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Route 66 Wednesdays; Meteor Crater

Back in 2012, I visited Meteor Crater a couple miles south of where US Route 66 used to traverse between the Two Guns Trade Post and Meteor City Trade Post.


Meteor Crater is an approximately 0.74-diameter crater that is approximately 560 feet deep.  Meteor Crater was approximately 50,000 years ago when a 160-foot wide nickel-iron meteorite struck Northern Arizona.  The blast that formed Meteor Crater is estimated to be 10 megatons which is on par with most nuclear weapons.

Meteor Crater was originally named the "Canyon Diablo Crater" after a rail siding on the Atlantic & Pacific Railroad located on the rim of Canyon Diablo.  Meteor Crater was originally thought to be part of the San Francisco Volcanic field which forms the high peaks of the San Francisco Range near Flagstaff.  In 1903 Daniel Barringer's Standard Iron Company struck a mining claim at Meteor Crater.  The Standard Iron Company believed that Meteor Crater was formed by an impact event and that a large amount of iron would be present at the bottom of the impact crater.  The impact theory of the Standard Mining Company wasn't proven until 1960 when conclusive evidence was provided by Eugene Shoemaker.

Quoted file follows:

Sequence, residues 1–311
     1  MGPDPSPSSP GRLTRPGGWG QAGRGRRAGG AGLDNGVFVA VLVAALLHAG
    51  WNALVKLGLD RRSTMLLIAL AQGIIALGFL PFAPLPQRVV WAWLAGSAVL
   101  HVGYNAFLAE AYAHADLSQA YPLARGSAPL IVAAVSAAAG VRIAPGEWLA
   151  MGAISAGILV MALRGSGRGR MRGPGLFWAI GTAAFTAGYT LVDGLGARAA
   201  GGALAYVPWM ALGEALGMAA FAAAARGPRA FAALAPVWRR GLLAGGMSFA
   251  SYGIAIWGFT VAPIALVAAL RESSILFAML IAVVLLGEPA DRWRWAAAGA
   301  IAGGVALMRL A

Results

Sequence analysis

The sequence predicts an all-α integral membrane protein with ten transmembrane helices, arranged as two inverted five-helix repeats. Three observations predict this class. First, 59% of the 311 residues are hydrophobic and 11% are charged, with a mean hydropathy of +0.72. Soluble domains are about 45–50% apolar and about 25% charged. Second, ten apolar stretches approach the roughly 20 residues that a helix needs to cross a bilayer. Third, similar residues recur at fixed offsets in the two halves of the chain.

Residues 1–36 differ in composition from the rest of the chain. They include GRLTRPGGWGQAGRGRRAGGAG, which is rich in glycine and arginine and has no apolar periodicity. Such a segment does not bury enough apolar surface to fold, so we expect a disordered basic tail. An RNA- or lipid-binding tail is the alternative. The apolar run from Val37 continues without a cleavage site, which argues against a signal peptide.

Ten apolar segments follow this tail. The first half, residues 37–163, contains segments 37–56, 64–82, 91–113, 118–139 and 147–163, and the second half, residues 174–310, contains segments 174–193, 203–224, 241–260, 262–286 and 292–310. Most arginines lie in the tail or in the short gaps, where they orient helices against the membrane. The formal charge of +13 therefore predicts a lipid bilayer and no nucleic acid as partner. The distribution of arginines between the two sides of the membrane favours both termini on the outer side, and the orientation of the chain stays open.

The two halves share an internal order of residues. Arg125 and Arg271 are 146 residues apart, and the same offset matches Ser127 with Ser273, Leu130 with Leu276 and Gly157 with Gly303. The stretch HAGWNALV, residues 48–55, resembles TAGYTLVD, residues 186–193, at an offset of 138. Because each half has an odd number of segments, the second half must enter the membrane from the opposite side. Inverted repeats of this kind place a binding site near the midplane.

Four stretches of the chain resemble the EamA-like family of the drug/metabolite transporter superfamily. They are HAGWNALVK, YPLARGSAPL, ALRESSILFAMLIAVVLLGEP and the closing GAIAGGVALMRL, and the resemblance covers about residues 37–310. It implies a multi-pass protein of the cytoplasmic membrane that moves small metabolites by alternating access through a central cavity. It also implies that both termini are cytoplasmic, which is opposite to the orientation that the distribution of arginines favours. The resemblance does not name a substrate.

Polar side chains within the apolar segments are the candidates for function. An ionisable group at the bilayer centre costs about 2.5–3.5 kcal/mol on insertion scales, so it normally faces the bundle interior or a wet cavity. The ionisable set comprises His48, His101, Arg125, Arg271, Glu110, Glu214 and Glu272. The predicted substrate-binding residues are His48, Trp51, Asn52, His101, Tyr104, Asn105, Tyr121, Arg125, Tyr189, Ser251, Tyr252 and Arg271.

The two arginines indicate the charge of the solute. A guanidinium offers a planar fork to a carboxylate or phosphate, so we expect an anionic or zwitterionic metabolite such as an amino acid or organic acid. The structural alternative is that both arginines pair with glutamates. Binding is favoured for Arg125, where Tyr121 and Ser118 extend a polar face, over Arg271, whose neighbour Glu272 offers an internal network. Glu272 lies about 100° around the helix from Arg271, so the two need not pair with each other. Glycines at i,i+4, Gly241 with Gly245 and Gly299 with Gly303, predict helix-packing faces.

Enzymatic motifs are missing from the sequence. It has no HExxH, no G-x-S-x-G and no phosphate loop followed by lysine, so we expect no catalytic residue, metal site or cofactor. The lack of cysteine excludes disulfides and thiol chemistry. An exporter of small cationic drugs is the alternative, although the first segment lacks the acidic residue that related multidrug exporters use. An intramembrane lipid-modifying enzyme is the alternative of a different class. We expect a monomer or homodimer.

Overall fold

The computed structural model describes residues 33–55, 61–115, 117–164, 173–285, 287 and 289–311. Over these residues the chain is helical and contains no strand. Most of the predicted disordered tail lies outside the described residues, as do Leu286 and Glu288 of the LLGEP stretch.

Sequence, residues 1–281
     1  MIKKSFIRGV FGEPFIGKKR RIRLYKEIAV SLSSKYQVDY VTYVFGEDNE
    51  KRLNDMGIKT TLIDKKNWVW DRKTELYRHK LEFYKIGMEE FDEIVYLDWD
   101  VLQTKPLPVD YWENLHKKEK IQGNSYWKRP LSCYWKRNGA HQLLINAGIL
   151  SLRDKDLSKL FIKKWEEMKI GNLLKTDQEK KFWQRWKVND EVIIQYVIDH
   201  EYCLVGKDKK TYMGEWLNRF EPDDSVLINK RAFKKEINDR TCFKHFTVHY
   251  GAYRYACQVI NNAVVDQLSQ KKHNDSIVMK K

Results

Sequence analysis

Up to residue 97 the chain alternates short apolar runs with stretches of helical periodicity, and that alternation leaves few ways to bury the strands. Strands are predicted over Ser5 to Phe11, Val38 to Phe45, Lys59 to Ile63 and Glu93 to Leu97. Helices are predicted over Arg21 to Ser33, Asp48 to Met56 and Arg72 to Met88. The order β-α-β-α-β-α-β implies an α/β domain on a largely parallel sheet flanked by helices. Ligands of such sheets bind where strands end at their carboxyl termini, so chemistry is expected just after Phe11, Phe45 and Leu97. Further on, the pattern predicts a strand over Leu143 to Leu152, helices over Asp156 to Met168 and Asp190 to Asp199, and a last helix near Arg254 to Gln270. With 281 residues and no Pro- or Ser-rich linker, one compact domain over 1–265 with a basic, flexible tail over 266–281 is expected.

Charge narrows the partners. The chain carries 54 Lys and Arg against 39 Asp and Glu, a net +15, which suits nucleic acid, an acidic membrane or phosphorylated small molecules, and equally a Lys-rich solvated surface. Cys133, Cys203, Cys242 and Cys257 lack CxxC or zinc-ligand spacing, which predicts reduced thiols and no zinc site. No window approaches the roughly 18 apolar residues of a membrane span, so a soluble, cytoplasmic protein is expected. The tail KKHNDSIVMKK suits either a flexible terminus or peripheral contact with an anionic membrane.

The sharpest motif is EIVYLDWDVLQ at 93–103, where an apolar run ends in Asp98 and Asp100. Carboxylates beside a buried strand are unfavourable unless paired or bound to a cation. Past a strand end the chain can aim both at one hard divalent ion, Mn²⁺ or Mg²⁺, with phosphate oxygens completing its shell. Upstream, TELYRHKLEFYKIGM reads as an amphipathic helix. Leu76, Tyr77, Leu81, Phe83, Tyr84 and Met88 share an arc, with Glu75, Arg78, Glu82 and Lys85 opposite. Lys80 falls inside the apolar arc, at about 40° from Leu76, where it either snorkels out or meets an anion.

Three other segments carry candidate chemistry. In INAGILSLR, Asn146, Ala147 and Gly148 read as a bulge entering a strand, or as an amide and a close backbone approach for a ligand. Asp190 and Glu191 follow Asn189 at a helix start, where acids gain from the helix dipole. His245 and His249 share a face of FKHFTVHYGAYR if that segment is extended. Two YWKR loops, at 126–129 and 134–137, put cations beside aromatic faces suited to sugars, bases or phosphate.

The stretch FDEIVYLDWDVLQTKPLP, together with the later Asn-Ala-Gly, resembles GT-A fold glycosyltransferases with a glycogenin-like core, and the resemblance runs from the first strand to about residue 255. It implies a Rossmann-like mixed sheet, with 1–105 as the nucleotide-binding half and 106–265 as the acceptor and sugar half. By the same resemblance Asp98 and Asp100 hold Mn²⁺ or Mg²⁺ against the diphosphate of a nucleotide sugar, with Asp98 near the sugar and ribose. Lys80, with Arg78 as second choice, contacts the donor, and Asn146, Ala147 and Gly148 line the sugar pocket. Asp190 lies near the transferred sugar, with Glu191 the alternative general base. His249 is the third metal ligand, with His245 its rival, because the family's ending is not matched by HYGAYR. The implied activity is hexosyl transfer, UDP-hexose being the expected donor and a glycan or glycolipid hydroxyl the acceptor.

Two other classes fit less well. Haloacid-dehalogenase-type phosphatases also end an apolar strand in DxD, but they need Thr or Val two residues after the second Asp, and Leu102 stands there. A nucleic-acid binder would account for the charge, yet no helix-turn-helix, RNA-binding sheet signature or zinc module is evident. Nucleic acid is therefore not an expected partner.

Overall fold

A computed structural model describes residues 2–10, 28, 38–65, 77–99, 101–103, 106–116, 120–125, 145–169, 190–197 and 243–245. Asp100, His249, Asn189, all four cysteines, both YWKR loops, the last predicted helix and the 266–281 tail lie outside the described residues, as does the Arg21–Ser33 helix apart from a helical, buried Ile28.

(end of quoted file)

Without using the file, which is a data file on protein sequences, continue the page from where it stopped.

The Standard Iron Company never did find an iron meteor core given that it had vaporized on impact.  The Barringer Family still owns Meteor Crater which was host to several NASA tests in the 1960s and 1970s.  The US Geological Survey still refers to Meteor Crater as "Barringer Crater."

Looking northwest from the rim of Meteor Crater the San Francisco Peaks can be seen.  US Route 66 would have crossed near the top of the level surface in a diagonal line in the photo below.  Interestingly US Route 66 used to have an observation tower called the "Meteor Crater Observatory" next to the eastbound lanes where passersby could stop and take a picture.  From a distance, Meteor Crater looks like an average mountain or bluff which probably would look terrible in a photo, odd that there was enough of a draw for that sort of thing.



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